Some libraries — including the Mystic & Noank Library in Connecticut and the César E. Chávez Branch in Oakland — also have gardens on the library grounds where community members can grow or harvest food.

“The garden has brought a lot of positivity and joy to our community and staff,” said Villasenor of the Chávez branch. The library’s Huerta de Dolores garden, named for Dolores Huerta, the co-founder of the United Farm Workers labor union who worked alongside César Chávez, has enabled some library patrons to adopt a small plot of soil in the shared space and inspired others to start their own gardens at home. “We all find that being out in the garden helps to relieve stress and helps to build community between patrons from all walks of life,” Villasenor said.

The Huerta de Dolores garden also includes a volunteer and youth intern program and the staff there work with the adult transition program at the Ala Costa Center, a nonprofit community-based organization that serves young adults with developmental disabilities. Volunteers help with everything from seed sorting, repacking, and organizing, to pruning, planting, weeding, and watering in the garden.

Other libraries within the OPL system offer additional programs around the seed libraries, including giving away soil pellets, and growing instructions. More recently at a different branch, the library distributed grab-and-grow kits for Asian Pacific Heritage Month in May, which included free seeds, growing instructions, recipes, and more.

Many libraries also encourage patrons to grow food for food banks with the seeds they receive. Weber and Bradley at the Mystic & Noank Library are urging patrons who take seed packets to plant an extra row to donate to local food banks as part of the Connecticut Food Bank’s Plant a Row for the Hungry program.

They are also considering planting a giving garden at the library where everything grown would be donated to a food bank in addition to the children’s garden they already offer (at which this author volunteers).

Pandemic-Driven Change

The seed library at the Jefferson Public Library in Jefferson, Georgia started in 2019 and has rapidly grown in popularity since then. Elizabeth Jones, the library’s evening supervisor and seed librarian, estimates the library served 35 people in 2019, more than 200 in 2020, and more than 300 in 2021. She expects to surpass that number this year.

When COVID shut down the Jefferson library, its librarians turned their attention to the library’s website, which they sought to make, among other things, “a one-stop place for gardening expertise,” Jones said.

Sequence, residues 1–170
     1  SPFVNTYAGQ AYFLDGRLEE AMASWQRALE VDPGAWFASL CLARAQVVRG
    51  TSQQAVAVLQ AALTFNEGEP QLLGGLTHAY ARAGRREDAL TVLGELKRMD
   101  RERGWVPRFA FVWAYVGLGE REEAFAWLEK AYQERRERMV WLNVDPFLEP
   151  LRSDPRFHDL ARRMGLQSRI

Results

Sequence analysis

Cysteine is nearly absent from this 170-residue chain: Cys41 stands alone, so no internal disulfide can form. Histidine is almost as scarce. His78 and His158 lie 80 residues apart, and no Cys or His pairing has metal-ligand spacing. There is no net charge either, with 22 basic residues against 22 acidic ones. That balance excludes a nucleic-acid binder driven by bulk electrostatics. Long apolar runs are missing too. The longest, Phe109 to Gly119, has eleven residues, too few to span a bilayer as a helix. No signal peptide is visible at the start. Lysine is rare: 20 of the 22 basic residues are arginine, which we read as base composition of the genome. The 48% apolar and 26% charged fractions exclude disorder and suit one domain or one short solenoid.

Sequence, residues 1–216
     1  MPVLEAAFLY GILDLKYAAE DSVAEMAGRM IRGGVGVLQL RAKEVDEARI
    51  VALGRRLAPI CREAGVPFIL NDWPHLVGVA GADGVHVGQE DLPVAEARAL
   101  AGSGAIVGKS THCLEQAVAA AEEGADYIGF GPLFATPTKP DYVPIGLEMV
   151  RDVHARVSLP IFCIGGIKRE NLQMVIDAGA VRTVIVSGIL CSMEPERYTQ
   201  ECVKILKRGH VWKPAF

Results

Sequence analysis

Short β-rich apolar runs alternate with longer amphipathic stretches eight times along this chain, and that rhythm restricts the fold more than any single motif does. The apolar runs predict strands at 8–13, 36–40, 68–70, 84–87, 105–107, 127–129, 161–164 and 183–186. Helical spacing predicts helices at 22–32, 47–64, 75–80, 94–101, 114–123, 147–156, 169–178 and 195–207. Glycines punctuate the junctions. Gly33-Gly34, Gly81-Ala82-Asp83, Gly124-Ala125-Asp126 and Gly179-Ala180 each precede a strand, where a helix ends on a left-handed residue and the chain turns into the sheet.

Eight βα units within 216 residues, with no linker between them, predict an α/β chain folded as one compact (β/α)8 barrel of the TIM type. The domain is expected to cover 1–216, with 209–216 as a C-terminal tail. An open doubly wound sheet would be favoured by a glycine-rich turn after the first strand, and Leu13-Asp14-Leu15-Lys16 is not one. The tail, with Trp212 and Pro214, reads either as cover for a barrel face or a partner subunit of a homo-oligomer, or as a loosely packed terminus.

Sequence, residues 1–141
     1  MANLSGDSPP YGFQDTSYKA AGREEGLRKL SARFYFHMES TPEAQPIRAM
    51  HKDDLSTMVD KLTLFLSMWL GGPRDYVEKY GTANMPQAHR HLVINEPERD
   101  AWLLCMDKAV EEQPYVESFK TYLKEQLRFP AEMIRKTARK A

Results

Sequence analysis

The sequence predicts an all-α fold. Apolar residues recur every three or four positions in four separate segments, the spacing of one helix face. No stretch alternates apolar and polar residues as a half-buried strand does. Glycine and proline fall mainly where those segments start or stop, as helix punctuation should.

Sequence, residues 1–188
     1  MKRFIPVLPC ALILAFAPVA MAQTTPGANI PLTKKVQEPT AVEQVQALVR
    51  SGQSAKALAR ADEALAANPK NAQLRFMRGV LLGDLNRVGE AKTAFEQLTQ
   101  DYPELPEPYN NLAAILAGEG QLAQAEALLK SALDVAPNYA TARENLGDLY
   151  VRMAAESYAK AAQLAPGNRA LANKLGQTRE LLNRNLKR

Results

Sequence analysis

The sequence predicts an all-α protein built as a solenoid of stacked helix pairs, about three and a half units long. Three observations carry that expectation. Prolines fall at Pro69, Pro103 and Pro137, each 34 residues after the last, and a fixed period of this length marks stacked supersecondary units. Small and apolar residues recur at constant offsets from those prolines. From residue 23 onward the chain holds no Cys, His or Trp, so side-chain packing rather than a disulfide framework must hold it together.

The two main goals of the seed library, Jones said, are to educate novice and experienced growers alike and to create a genetically diverse local seed stock that’s acclimated to region despite a changing climate. In addition to providing seeds, the Jefferson seed library offers programs on topics including saving and cleaning seeds, composting, and preserving food. It also hosts a vegetable swap and a potluck where patrons can compare gardening notes.

While Jones and the Jefferson Public Library focused on their website during the COVID shutdowns, others locations, including OPL and the University of San Francisco (USF) Seed Library, which started in 2014, used the pandemic as an opportunity to strengthen and grow their seed libraries. USF offered several different online classes and helped lead class discussions about the global seed industry and found ways to mail seeds to interested people.

“We want to reduce barriers to growing food,” said Carol Spector, a librarian at the USF Seed Library. “Sure, seeds aren’t expensive — but if they’re free and you can try it, it takes the risk out of it.”

Open to students and faculty, the USF Seed Library is a joint program between the school’s library and the its Urban Agriculture Department. Containing 40 to 50 seed varieties in labeled coin envelopes, the collection prioritizes organic, heirloom, and culturally relevant seeds, with 20 to 30 types available at any given time based on the season.

Offerings have evolved over the years to meet students’ needs. “At first we prioritized vegetables,” Spector said, “but over time, students became interested in flowers and herbs, which are often easier to grow on a dorm windowsill.”

Students within the urban agriculture program are introduced to the library during class; field trips to the library involve talks on how seed libraries can protect heirloom seeds and cultural traditions and the global decline in the genetic diversity of seeds.

The hope — at USF and beyond — is to help people begin to see how growing food as an individual connects to the larger web of production and consumption with an eye toward improvement. “It’s a way for students to learn about the food system in a really engaging way,” said Spector.

• Public Libraries Are Making It Easy to Check Out Seeds — and Plant a Garden [Civil Eats]